She lets him drive for the first time two days later, when she couldn't sleep on their motel stop for more than ten minutes at a time and doesn't trust herself behind the wheel.

Johnny beams like she's given him an amazing gift behind the terrible novelty sunglasses he picked up in a gift shop and almost hits his head getting into the car because he forgot how far forward she has to have the seat.

The second they're on a flat stretch of highway, mostly empty and far away from any cities, he revs the engine and takes Lucy through a series of stunt-driver tricks that have Dutch whooping and clutching the handle over her door even though suddenly she trusts his precision, trusts him not to wreck them both when he's smiling so wide it looks like it hurts his face.

When he's done showing off, she falls asleep against the car window to the almost-familiar sound of him humming along with the radio, and she wakes up in the dark with more highway markers than she would have expected behind them.

“Let's stop for burgers,” says Johnny without looking away from the road, somehow knowing she's awake. “I'm sick of Fritos, and I never thought I'd say that.”

“Yeah,” she says. “Yeah, okay.”


“There's a brochure,” Johnny says a few motels later, “for some cows that do dressage tricks.”

Dutch almost scoffs, but he actually looks hopeful, and she's going to run out of highway sooner rather than later if she keeps going so fast. She sighs instead. “You're paying, and if you buy a cowboy hat I'm leaving you here.”

She doesn't know if she'll ever understand how he's brave enough to smile at her like that.


“Is anyone missing you?” she asks at two in the morning, the highway ahead of them, Johnny taking his shift at the wheel. Another brochure has them taking a detour through the scenic route, and the curves in the road are a continual surprise after so much straight asphalt.


It's impossible, somehow, that no one out there in the world is missing Johnny Jaqobis, that he doesn't have a grandmother to scold him for an absence, a mother worrying and calling a disconnected cell phone number, friends trying to reach out through e-mail, a father coming home after a day out and sitting exhausted in their living room, waiting for the phone to ring. Johnny is too good not to be missed. There's something wrong with a world where he can slip through the cracks.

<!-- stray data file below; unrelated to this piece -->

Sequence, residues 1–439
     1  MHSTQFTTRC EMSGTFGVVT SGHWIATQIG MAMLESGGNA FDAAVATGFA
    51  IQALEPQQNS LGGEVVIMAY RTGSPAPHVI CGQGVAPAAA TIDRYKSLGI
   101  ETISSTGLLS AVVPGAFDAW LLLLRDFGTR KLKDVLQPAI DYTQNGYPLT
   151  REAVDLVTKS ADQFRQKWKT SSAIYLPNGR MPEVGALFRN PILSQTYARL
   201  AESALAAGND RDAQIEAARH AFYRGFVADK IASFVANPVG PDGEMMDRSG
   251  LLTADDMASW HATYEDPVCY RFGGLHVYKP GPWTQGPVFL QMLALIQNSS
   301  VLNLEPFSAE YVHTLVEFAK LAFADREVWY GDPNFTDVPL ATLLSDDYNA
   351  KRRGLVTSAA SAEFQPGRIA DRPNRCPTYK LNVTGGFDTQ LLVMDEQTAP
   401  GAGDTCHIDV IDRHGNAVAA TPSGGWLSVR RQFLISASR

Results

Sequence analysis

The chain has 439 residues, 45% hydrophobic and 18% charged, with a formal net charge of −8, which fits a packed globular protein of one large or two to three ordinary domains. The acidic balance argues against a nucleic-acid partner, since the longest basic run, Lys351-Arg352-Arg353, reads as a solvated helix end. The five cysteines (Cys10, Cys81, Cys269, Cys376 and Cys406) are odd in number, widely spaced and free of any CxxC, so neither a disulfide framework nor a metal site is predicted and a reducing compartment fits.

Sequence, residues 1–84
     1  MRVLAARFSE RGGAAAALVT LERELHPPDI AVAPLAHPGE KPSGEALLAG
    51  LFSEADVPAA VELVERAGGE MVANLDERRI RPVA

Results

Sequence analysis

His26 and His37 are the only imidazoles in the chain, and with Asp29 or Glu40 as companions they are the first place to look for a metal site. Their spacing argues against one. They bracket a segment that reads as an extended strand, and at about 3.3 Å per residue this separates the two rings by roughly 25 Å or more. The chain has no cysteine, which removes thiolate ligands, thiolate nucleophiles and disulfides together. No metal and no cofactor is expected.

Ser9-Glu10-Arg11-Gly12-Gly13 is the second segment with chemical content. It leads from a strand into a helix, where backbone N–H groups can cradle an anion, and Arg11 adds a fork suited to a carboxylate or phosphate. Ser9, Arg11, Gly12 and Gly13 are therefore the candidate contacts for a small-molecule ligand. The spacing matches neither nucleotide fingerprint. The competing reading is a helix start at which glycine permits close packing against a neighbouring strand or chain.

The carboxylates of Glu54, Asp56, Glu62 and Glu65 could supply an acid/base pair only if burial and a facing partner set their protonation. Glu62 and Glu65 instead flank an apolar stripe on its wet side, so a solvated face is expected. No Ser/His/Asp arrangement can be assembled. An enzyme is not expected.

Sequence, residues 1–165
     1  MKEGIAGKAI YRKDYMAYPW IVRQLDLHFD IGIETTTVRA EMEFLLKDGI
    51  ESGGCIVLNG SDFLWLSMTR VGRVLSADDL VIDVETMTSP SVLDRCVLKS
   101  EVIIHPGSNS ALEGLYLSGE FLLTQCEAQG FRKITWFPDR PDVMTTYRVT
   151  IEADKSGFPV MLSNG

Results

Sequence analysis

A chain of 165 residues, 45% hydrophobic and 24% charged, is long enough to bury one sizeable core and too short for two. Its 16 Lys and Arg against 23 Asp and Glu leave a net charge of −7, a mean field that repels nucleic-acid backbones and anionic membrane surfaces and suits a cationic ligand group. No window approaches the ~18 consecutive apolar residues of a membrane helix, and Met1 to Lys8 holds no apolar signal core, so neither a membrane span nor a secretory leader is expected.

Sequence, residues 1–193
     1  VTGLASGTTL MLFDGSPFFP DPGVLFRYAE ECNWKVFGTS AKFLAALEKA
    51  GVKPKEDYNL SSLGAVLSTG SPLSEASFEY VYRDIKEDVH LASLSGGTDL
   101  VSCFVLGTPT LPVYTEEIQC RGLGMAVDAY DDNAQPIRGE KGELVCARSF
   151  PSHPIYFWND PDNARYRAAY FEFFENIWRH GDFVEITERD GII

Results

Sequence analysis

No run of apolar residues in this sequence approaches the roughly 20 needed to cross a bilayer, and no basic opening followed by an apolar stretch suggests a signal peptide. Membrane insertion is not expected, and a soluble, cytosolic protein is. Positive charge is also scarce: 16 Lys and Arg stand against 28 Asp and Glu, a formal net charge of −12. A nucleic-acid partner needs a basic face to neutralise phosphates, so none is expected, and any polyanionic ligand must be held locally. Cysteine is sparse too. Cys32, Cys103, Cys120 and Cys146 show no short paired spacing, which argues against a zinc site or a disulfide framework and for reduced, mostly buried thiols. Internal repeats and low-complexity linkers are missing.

“How about you?”

“Unfortunately, yes.”

He takes her hand over the gearshift, and she thinks anyone else, she'd break their wrist, but she turns her hand over and squeezes, watches the dashes and lines of the paint on the road without saying anything else.


“Are we ever going to stop?” Johnny asks, more curious than weary, when he's drumming his feet against the dryer in a roadside laundromat and looking through some of the brochures that she can never seem to find on her own when she wants to surprise him but which he can find in the unlikeliest of places.

Dutch doesn't want to, but now it's only half because of safety and half because she finds she likes this, a world that's only her and John and Lucy traveling through unfamiliar town after unfamiliar town. Someday, though, she thinks she could find a place to settle, if only for a little while at a time. A home base to come back to when it's safe, in between trips. “Not yet. Maybe if we ever find a place worth staying in.”


She's wearing his stupid sunglasses, and he didn't even leer at her when offering to put her underwear in with his to do the washing. They sleep in the same motel bed more often than not, and only a few weeks in she thinks he's stopped having nightmares, and she's learning to sleep better with someone else there watching her back. That's as “we” as she gets.

“Don't be stupid,” she says, the best she can do, and he just grins and somehow, miraculously and not surprisingly at all, he seems to know exactly what she means.


“Where to now?” Dutch asks when she hits the end of a road and they haven't bothered to look at a map for days.

“Doesn't matter,” he says absently, too busy fiddling around in the console, doing something to tune Lucy up with some tools he picked up at a gas station and a computer interface on a phone she actually trusted him to buy. “If we don't like the first direction we can always go back and try the other one, right?”

Johnny always knows the right thing to say. “Right.” Dutch swallows. “Right, we can,” she adds, a little firmer, and turns the wheel.